It’s easy to see why such conceptions are so common. We generally experience the church as a society, as an institution. Especially those of us who work in  it. But, it has some serious theological downsides. In Tridentine theology, this model explicitly meant that the borders of the true church, of God’s presence, was determined by being under the rule of the church’s proper leaders. Which means that the hierarchy, and the hierarchy alone, determines where the church is. And this sets up particular problems when that very hierarchy is complicit in real evil (as the sixteenth century knew, and we are remembering).

Returning to this chapter, it was clear to me just how sacramental those more developed Catholic descriptors of the church that we find in Mystici Corporis and Lumen Gentium are. I’d encourage you to take another look back at those documents.

But here’s where we come to the point of this post: If we think of the church in sacramental terms, then first of all, we expand our definition of the church beyond its leadership. The hierarchy are certainly important, essential.  But in the sacraments, it is the whole church that celebrates, and it is the whole church in which Christ is present, albeit as head and body.

But more importantly, sacramental language simultaneously affirms that God’s presence, God’s promises, God himself are present in the church. And yet it distinguishes the sign by which those things are really present from that which is present without separating them.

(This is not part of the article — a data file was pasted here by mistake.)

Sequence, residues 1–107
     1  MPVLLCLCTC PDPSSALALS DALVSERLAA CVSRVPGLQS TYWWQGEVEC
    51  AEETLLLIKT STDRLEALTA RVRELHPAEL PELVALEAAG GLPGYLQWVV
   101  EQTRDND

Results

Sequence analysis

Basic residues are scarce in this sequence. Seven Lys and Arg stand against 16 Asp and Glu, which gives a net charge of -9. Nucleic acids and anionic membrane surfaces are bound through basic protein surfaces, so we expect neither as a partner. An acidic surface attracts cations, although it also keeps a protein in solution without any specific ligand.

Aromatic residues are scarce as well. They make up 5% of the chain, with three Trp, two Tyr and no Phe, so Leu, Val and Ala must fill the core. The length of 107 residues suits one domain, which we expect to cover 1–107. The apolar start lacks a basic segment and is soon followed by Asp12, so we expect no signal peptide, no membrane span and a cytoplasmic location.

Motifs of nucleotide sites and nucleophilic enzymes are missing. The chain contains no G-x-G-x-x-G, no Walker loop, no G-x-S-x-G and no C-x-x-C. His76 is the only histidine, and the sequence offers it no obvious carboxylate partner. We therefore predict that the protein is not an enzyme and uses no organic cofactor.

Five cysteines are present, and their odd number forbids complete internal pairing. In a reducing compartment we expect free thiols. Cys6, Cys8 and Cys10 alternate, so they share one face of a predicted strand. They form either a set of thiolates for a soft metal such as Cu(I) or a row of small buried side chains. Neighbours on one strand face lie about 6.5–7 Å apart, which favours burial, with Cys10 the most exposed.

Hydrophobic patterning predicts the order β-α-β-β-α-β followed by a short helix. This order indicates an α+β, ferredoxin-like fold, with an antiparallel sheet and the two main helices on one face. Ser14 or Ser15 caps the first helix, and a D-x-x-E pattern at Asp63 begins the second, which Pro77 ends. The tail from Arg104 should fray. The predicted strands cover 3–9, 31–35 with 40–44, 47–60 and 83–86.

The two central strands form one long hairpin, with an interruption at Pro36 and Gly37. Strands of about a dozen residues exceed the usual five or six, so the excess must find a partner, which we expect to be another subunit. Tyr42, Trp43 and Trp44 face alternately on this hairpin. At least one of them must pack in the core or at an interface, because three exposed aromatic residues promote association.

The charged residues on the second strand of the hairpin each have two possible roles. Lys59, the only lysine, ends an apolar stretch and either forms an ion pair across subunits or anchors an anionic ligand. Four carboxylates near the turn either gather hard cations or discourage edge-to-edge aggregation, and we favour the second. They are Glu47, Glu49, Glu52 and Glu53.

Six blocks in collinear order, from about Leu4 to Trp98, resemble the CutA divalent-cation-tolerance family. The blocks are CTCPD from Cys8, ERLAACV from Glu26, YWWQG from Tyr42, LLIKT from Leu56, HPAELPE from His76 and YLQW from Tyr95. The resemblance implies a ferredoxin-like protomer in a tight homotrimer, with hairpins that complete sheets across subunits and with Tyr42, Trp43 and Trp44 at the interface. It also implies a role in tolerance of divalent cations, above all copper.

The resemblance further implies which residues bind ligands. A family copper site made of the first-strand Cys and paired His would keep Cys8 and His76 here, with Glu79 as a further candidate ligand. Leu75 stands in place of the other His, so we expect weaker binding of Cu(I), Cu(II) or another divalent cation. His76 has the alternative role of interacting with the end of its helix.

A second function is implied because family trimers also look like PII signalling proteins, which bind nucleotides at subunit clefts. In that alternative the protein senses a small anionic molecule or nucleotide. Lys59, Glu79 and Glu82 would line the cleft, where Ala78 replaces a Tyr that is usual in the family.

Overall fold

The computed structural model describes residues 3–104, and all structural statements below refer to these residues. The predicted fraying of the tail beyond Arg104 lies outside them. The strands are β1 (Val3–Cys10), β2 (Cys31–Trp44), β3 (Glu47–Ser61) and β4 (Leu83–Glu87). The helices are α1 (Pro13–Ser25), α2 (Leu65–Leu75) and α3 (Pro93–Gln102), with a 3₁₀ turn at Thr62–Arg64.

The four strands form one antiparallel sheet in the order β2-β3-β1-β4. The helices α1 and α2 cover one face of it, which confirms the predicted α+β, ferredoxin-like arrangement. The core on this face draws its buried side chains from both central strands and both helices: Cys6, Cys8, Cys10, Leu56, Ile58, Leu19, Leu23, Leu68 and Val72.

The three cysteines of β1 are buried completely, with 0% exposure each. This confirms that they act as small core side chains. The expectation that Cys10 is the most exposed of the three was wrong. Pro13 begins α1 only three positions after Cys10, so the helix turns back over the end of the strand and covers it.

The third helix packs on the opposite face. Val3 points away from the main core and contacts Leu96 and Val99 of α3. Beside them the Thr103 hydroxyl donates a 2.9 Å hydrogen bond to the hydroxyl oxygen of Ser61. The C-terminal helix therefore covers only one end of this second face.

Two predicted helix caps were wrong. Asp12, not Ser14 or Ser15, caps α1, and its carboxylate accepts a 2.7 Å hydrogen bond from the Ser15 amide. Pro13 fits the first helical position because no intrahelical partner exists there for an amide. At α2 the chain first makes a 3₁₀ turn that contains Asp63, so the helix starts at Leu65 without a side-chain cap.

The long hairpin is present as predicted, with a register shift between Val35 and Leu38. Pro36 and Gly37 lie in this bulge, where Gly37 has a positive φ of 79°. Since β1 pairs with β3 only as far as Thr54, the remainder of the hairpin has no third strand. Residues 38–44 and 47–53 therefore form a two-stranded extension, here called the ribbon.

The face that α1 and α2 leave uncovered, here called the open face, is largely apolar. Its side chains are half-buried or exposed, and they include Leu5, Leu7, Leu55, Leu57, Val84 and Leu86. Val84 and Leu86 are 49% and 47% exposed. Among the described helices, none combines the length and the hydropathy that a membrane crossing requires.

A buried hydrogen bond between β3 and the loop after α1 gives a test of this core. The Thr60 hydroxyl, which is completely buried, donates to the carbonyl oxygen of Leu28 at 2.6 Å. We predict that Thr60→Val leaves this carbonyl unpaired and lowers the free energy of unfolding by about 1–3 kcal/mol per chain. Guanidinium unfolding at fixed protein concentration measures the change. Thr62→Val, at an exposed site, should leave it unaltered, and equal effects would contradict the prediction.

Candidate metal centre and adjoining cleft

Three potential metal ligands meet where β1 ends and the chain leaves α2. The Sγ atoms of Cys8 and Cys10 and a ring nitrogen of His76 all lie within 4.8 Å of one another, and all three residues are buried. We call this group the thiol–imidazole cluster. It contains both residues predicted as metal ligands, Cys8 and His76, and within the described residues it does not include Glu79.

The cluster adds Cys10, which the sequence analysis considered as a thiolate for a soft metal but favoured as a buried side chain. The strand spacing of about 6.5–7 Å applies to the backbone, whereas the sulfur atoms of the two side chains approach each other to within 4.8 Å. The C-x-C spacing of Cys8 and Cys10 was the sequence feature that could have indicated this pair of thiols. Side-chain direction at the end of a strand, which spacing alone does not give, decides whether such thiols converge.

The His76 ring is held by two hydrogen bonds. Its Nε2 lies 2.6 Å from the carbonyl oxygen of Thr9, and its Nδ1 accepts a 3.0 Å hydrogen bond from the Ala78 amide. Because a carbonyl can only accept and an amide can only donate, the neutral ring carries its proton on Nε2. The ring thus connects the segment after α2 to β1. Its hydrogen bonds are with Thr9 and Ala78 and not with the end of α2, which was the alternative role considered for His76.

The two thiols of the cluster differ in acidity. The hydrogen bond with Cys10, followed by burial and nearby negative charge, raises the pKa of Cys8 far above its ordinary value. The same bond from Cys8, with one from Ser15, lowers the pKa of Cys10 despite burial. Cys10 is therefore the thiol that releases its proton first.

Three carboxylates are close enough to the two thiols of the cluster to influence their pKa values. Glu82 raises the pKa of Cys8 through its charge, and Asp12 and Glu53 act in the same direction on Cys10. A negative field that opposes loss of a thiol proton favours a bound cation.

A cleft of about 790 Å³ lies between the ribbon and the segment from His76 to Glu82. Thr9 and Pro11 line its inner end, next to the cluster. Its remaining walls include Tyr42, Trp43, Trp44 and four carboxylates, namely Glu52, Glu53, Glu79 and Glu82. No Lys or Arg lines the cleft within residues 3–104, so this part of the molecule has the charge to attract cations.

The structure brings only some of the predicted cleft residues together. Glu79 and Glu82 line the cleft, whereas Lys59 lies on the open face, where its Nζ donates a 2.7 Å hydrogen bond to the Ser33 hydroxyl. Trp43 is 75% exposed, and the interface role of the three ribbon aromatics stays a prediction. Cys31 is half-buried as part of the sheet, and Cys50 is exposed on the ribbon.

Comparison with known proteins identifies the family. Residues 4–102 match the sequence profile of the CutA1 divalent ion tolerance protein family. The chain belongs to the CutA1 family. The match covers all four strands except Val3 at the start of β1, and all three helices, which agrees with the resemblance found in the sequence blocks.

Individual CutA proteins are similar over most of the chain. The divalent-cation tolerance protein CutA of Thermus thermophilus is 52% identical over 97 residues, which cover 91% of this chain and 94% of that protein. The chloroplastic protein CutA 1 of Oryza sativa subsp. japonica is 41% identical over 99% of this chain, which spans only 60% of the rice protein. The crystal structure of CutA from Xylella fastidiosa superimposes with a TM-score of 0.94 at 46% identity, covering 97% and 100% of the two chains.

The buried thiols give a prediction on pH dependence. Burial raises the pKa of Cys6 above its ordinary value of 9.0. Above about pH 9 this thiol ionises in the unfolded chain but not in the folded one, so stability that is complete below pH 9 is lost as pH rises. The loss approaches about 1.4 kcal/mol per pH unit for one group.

To use the language of classical Sacramental theology: the res tantum [the thing itself, i.e. in the Eucharist, the Body of Christ] is really, truly present in the sacramentum tantum [the sign itself, in the Eucharist, the consecrated elements].  We can only received the res tantum as res et sacramentum [as the thing and sign, the sign is that through which the grace is really present].

Indeed, this kind of presence is the only way that any grace is sacramentally mediated. You can’t get around the sign to the reality that it mediates. But that doesn’t mean that eucharistic elements can’t mold, or even that they can’t be poisoned. In that unfortunate case, Christ’s body and blood would still be present, but receiving those tainted elements would not be sound theological or pastoral advice.

Of course, given that this post is located at Pray Tell, I can’t let a reference to poisoned bread and wine slip by without invoking St. Benedict, whom (St. Gregory says), people kept trying to poison, especially his bread and wine.